The US has the largest and most powerful Air Force in the world.
The US Air Force operates more than 5,000 total aircraft, and the air service flies more than just fighters and bombers. The Air Force also runs missions ranging from surveillance to aerial refuelling to supply airlift, each of which requires a specialised aircraft.
This first graphic depicts combat-related and combat support aircraft divided into squadrons. For instance, there are seven F-22 squadrons — even though the plane only saw combat for the first time in September 2014 in operations against ISIS and al Qaeda in Syria.
In addition, there are 12 A-10 squadrons for close-air support, although the fact that the Air Force wants to retire the ageing aircraft. The Air Force argues that the A-10’s role can be carried out by a range of other aircraft, including the new fifth-generation F-35. So far, the Air Force has two F-35 squadrons.
This second graphic shows the aerial refuelling, bomber, and flight training squadrons. The Air Force has over 30 squadrons of aerial refuelling vehicles. These planes function like in-air gas stations, allowing a plane to refill its fuel tanks without having to land. Aerial tankers are critical for extending a mission’s area of operations.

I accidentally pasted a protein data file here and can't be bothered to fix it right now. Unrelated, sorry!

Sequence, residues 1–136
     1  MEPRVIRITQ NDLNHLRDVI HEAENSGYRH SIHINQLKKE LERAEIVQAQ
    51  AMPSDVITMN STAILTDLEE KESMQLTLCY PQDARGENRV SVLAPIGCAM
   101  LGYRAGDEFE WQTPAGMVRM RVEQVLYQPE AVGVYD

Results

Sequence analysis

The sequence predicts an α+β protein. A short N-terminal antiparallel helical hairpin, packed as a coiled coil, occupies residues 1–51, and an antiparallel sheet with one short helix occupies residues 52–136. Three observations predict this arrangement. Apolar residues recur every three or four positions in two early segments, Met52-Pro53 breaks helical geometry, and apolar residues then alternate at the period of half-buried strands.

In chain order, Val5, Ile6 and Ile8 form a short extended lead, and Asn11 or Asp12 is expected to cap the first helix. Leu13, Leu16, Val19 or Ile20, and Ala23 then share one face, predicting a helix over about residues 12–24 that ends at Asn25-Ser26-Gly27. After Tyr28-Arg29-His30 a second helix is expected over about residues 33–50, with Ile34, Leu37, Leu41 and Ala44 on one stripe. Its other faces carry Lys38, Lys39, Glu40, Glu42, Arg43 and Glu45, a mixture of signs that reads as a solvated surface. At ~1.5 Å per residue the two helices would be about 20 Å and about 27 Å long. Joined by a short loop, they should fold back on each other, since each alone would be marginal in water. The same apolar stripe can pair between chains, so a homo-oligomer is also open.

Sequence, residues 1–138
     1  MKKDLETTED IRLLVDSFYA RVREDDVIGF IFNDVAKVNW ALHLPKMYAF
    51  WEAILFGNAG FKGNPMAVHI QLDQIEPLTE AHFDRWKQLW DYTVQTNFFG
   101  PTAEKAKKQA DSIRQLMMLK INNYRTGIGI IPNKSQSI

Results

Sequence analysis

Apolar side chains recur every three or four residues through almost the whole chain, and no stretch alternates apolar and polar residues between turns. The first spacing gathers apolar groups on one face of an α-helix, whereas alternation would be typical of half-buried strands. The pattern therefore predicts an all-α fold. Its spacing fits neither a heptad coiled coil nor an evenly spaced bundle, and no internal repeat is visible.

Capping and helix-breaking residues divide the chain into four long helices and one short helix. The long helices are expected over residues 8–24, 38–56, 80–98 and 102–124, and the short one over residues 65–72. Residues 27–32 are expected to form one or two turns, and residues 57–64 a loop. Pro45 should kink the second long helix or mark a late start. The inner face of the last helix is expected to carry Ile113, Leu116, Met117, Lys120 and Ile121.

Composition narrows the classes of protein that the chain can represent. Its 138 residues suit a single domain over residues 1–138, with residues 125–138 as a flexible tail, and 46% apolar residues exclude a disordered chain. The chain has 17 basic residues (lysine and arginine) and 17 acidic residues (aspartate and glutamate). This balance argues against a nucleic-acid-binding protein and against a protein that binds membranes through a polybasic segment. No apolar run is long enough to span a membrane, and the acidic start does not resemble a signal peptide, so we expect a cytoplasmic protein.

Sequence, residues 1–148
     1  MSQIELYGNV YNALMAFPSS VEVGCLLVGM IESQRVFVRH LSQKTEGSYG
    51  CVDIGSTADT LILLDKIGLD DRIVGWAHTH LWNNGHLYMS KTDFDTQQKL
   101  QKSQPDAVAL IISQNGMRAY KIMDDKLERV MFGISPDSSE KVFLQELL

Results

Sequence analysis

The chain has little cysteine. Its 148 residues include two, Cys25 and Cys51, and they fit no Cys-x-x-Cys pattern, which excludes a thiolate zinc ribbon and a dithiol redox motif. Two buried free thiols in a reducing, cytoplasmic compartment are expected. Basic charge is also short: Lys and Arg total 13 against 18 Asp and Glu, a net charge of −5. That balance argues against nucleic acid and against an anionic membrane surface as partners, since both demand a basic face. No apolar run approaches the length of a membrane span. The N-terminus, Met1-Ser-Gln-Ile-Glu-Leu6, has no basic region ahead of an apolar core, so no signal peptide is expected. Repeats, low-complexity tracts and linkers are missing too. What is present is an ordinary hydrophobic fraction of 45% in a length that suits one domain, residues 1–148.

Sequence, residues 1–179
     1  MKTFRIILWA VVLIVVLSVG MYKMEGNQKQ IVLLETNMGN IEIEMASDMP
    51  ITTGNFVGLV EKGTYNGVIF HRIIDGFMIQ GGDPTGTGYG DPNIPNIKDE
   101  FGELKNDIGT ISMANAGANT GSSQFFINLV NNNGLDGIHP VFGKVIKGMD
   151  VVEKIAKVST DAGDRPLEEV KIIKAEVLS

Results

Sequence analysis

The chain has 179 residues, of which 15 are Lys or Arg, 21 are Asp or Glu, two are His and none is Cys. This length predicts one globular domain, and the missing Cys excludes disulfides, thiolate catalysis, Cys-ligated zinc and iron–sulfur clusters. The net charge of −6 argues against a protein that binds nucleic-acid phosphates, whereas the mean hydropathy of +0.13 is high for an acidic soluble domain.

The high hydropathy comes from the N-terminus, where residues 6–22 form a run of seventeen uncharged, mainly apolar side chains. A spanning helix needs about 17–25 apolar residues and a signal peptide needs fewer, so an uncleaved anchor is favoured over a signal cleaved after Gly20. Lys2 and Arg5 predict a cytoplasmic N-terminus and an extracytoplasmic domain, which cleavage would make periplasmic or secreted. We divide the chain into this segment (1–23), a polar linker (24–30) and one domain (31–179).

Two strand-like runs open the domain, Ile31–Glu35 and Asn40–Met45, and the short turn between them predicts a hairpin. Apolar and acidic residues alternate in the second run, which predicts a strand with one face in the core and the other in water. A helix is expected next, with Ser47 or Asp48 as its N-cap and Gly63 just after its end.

The Air Force also has 11 dedicated bomb squadrons comprised of three different aircraft — the B-1B Lancer, the B-2A Spirit stealth bomber, and the massive B-52H Stratofortress, which was introduced in 1955 and is still in service.
The third chart details aircraft used for airlift operations. Airlift squadrons run a wide range of missions from carrying the president in the Presidential Aircraft Group to delivering humanitarian relief and supplies to airlifting tanks and Humvees across the globe.
Airlift squadrons carry out the majority of US Air Force missions and activities, with various US airbases around the world functioning as staging locations.
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